4. Audretsch, D., & Link, A. (2012). Entrepreneurship and innovation: Public policy frameworks. The Journal of Technology Transfer, 37, 1–17.CrossRefGoogle Scholar
  5. Audretsch, D. B., & Vivarelli, M. (1995). New firm formation in Italy. Economics Letters, 48, 77–81.CrossRefGoogle Scholar
  6. Audretsch, D. B., & Vivarelli, M. (1996). Determinants of new-firm startups in Italy. Empirica, 23, 91–105.CrossRefGoogle Scholar
  7. Autio, E. (1998). Evaluation of RTD in regional systems of innovation. European Planning Studies, 6, 131–140.CrossRefGoogle Scholar
  8. Bakouros, Y. L., Mardas, D. C., & Varsakelis, N. C. (2002). Science park, a high-tech fantasy? An analysis of the science parks of Greece. Technovation, 22, 123–128.CrossRefGoogle Scholar
  9. Barbero, J. L., Casillas, J. C., Ramos, A., & Guitar, S. (2012). Revisiting incubation performance: How incubator typology affects results. Technological Forecasting and Social Change, 79, 888–902.CrossRefGoogle Scholar
  10. Baumol, W. J. (1990). Entrepreneurship: Productive, unproductive and destructive. Journal of Political Economy, 98, 893–921.CrossRefGoogle Scholar
  11. Bollen, K. A. (1989). Structural equations with latent variables. New York: Wiley.CrossRefGoogle Scholar
  12. Broekel, T. (2012). Collaboration intensity and regional innovation efficiency in Germany—A conditional efficiency approach. Industry and Innovation, 19(3), 155–179.CrossRefGoogle Scholar
  13. Caracostas, P. (2007). The policy-shaper’s anxiety at the innovation kick. In F. Malerba & S. Brusoni (Eds.), Perspectives on innovation. Cambridge: Cambridge University Press.Google Scholar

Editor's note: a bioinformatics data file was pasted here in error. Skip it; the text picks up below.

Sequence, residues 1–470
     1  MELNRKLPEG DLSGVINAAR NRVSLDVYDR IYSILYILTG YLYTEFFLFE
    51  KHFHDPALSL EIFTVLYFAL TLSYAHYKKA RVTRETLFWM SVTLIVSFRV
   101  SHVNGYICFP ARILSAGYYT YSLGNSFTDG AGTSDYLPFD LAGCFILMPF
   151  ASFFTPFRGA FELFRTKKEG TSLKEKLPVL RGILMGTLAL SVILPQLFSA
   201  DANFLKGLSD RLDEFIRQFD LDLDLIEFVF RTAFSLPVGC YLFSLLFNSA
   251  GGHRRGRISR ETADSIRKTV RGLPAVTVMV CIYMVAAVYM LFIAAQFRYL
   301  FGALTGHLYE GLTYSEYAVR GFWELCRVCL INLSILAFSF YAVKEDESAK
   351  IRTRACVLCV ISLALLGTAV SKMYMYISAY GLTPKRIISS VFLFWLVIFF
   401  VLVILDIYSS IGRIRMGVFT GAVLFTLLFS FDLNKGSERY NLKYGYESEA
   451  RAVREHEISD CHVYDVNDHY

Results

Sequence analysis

14. Coelli, T. J., Prasada Rao, D. S., & Battese, G. (2006). An introduction to efficiency and productivity analysis. Norwell: Kluwer Academic Publishers.Google Scholar
  15. Colombo, M. G., & Grilli, L. (2005). Founders’ human capital and the growth of new technology-based firms: A competence-based view. Research Policy, 34, 795–816.CrossRefGoogle Scholar
  16. Colombo, M. G., & Grilli, L. (2010). On growth drivers of high-tech start-ups: Exploring the role of founders’ human capital and venture capital. Journal of Business Venturing, 25, 610–626.CrossRefGoogle Scholar
  17. Colombo, M. G., Grilli, L., & Giannangeli, S. (2013). Public subsidies and the employment growth of high-tech start-ups: Assessing the impact of selective and automatic support schemes. Industrial and Corporate Change, 22(5), 1273–1314.CrossRefGoogle Scholar
  18. Cooke, P. (2001). Regional innovation systems, clusters, and the knowledge economy. Industrial and Corporate Change, 10, 945–974.CrossRefGoogle Scholar
  19. Doloreux, D. (2004). Regional innovation systems in Canada: A comparative study. Regional Studies, 38(5), 481–494.CrossRefGoogle Scholar
  20. Doloreux, D., & Parto, S. (2005). Regional innovation systems: Current discourse and unresolved issues. Technology in Society Journal, 27, 133–153.CrossRefGoogle Scholar
  21. Dosi, G., Marsili, O., Orsenigo, L., & Salvatore, R. (1995). Learning, market selection and the evolution of industrial structures. Small Business Economics, 7, 411–436.CrossRefGoogle Scholar
  22. Edquist, C. (Ed.). (1997). Systems of innovation: Technologies, institutions and organizations. London: Pinter/Cassell.Google Scholar
  23. Esposito Vinzi, V., Chin, W. W., Henseler, J., & Wang, H. (Eds.). (2010). Handbook of partial least squares: Concepts, methods and applications (Springer Handbooks of Computational Statistics Series, Vol. II). Heidelberg: Springer.Google Scholar
  24. Etzkowitz, H., & Kloftsen, M. (2005). The innovating region: Towards a theory of Knowledge Based Regional Development. R&D Management, 35(3), 243–255.CrossRefGoogle Scholar